Wednesday, October 26, 2005


We're still in the process of counting clan and seeing who needs what, but we fared better than the Gulf coast residents who faced Katrina, for which we are grateful. Unfortunately, many people did not evacuate, and damages and casualties are still being assessed, so that may change. Here's what we know this morning:

3.2 million people in Florida do not have power. This includes 90% of Dade County residents (approximately 1 million people.) FP&L is predicting it will take a minimum of four weeks to restore service to the affected areas.

Our friends are describing the damage as "unbelievably bad." Most of the pictures the media are showing are of high-rise buildings in the Fort Lauderdale downtown area and the Brickell Avenue financial district. What you're not seeing are the low-lying areas and neighborhoods, where up to 100% of the homes lost roofs, were damaged by falling trees, or are swamped by two to three feet of standing flood water.

Some big grocery stores are open and running on generators, but most are closed/damaged. Convenience stores and little neighborhood food stops are popular, but friends tell us several are price gouging. Canned and nonperishable food is flying off the shelves wherever it's sold. Ice and water are the top two requested items. Home improvement stores that can open are, but most are out of plywood, tarps, and generators.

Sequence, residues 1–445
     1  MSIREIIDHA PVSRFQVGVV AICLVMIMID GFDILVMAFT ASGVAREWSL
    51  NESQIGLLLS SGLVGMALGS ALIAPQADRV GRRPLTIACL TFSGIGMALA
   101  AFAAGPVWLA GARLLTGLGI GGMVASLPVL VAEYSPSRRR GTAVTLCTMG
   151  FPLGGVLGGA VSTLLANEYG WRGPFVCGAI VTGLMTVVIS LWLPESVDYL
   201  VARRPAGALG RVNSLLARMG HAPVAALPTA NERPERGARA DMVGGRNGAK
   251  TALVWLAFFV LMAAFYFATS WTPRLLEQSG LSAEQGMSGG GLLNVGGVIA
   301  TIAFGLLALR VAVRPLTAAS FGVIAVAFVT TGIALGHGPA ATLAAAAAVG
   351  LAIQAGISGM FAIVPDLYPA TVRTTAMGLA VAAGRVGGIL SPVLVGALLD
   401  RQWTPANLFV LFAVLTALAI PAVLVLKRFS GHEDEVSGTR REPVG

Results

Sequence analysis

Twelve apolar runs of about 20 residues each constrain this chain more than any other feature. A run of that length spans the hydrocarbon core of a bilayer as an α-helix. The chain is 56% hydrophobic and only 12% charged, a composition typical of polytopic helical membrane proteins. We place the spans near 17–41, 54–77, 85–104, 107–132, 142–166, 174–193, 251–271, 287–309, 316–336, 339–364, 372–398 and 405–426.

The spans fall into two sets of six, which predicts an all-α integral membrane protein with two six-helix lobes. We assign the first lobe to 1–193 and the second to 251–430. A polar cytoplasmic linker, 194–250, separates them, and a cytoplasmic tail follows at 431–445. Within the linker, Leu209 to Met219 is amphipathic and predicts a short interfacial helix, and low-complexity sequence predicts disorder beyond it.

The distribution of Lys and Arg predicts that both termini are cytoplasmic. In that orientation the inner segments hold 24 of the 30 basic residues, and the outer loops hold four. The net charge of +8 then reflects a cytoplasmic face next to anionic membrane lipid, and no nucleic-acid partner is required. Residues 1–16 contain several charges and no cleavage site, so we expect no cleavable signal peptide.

Immediate need: Hundreds of thousands of elderly, fixed-income folks live in South Florida condominiums, apartments, and assisted living communities, and have no transportation other than city or community buses and jitneys. Many just aren't physically able to stand for hours in line for ice and food. They will also need comprehensive help with repairs, cleanup and simple but vital things like having their medications refilled.

There are also the language barriers. 45% of South Floridians -- the majority Hispanics and Haitians -- speak a language other than English at home. It's estimated that only 10% of those residents understand English well enough to communicate. Multi-lingual sources of information are absolutely essential. FEMA and Red Cross workers, here's a tip from a lifelong resident: if you can't make yourself understood, find a Hispanic kid to be your interpreter. Unless they're newly-arrived, they're bilingual and often trilingual.

Despite Governor Bush's assurances that Florida has a ten day surplus supply of fuel, pump shortages in South Florida are already widespread and people are getting ugly about what's available. If you go to help, make sure you fill up your tank before you cross the Palm Beach county line.

So many areas are inaccessible due to downed power lines and trees that if you are heading down it's best to confirm a drivable route in before you go. Also, for those hitting the road to bring supplies or pick up people, Dade county is under an 8pm to 6am curfew until further notice, and the police are making a point of stopping people with out-of-town plates to prevent looting.